‘I never had a plan B. This was my passion, my everything, so I just kept going’

MBW’s World’s Greatest Songwriters series celebrates the pop composers behind the globe’s biggest hits. This time, we talk to Sarah Hudson, who burst onto the scene as co-writer of Katy Perry’s worldwide smash, Dark Horse, and was most recently an integral part of the team behind Dua Lipa’s Grammy-winning Future Nostalgia album. World’s Greatest Songwriters is supported by AMRA – the global digital music collection society which strives to maximize value for songwriters and publishers in the digital age.

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Asked about her wish-list of artists she’d most like to write with, Sarah Hudson mentions Britney, Cher, Lady Gaga and Billie Eilish. But, most of all, on a pedestal, on a cloud, on a poster on her childhood bedroom wall, there is Madonna.

And who knows, it might happen. Hudson’s rise as a songwriter has been so steep and star-studded that nothing – and no one – can be ruled out.

Part of you, however, reluctantly speculates that, perhaps, this is one teenage dream that shouldn’t come true. Because, you can’t help wondering, could she cope?

Not with the task. That would be, if not a breeze, then certainly within the impressive capabilities of a woman who co-wrote Katy Perry’s Dark Horse [No. 1 in the US for four weeks, 7.9m sales], Iggy Azalea’s Black Widow [Top five in the US and UK] and contributed two tone-setting tracks, Levitating and Physical, to Dua Lipa’s Grammy-winning album Future Nostalgia [No. 1 in the UK, No. 3 in the US]. She also contributed eight tracks to Perry’s No. 1 2017 album, Witness.

So, chops: tick.

It’s more the ‘breathing the same air as Madonna’ thing that might prove tricky – perhaps literally, as in hyperventilating, lack of oxygen to vital organs etc.

Recalling her childhood obsession, Hudson says simply: “Madonna was my everything. She came out of the blue and hit me hard.” She adds, “I learned her concert performances back to front,” and you assume it’s a turn of phrase, and then you think…

Then again, perhaps we shouldn’t worry too much if Hudson and her hero wind up in the same space. She has made big leaps before and never been affected by the change in altitude. In fact, she’s more likely been looking for a peg with her name on it.

Hudson was pretty much unknown as a writer when she got a call from Katy Perry to join her, Max Martin, Dr Luke and Cirkut for a session. The only things that jangled were her car keys as she sped straight from nowhere to Santa Barbara.

“I always just had this confidence, I was like, ‘This is where I’m supposed to be.’ In a way, in fact, I was thinking, ‘Finally! These are the people that I should be working with; this is the level that I should be at.’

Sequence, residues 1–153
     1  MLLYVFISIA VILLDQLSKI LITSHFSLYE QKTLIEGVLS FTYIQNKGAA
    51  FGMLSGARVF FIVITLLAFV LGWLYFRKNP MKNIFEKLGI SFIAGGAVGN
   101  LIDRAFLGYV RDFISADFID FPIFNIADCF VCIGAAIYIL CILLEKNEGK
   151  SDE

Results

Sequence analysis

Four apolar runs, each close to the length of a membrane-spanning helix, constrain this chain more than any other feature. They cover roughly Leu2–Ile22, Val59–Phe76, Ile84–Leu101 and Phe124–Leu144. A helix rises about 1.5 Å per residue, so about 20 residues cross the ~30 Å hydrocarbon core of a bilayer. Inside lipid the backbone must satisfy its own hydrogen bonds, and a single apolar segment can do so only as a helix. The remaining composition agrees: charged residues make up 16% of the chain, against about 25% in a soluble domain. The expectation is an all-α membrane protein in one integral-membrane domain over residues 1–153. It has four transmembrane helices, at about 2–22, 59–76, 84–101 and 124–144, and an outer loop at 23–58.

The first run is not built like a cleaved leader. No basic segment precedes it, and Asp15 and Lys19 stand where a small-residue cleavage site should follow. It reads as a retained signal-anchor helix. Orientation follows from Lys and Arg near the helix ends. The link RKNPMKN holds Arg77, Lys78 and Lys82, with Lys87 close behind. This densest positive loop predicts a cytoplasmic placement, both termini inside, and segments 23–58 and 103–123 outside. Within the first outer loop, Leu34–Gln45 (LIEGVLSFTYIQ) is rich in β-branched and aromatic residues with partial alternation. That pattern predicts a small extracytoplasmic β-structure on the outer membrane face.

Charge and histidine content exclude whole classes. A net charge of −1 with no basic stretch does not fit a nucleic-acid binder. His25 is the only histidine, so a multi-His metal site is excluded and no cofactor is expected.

“I always had that belief in myself. I know it’s not easy for a lot of people, but I always have had it. So I was more grateful and excited than I was nervous or freaked out. ‘Okay, this is it, let’s go’.”

Part of that confidence, or at least a level of familiarity, might be down to her family background. Her father, Mark, is a successful songwriter and producer who co-wrote Aerosmith’s Living On The Edge.

Hudson says: “Music was playing constantly in my house – The Beatles, Joni Mitchell, Led Zeppelin, Bob Dylan, just incredible music.”

On those solid foundations was built a more personal taste for classic pop – Prince, Janet Jackson, and of course Her Madgesty. “I was also heavily influenced by Tori Amos and Fiona Apple, anything really authentic is what I gravitate towards.”

At 10 years old, she decided – and indeed declared – that she was going to be a pop star. It seemed reasonable. “Music was always in my world, so it’s almost like I never thought I would do anything else. It was kind of what was natural in my house. I feel like it would have been a shock to my parents if I’d said I wanted to be a lawyer.

“It was nothing serious or professional until after High School, and then I was like, ‘All right, it’s time to really go for it.’”

Initially that meant going for it as an artist – twice, in fact. And both times proved to be nearly-but-not-quite experiences that steered (and informed) her journey to writing rooms and behind the scenes success (“I understand the pressures of the label, of making a record, getting signed, getting dropped, the whole rollercoaster ride. So I have empathy for their experience and I’m very precious about staying true to their vision”, she says).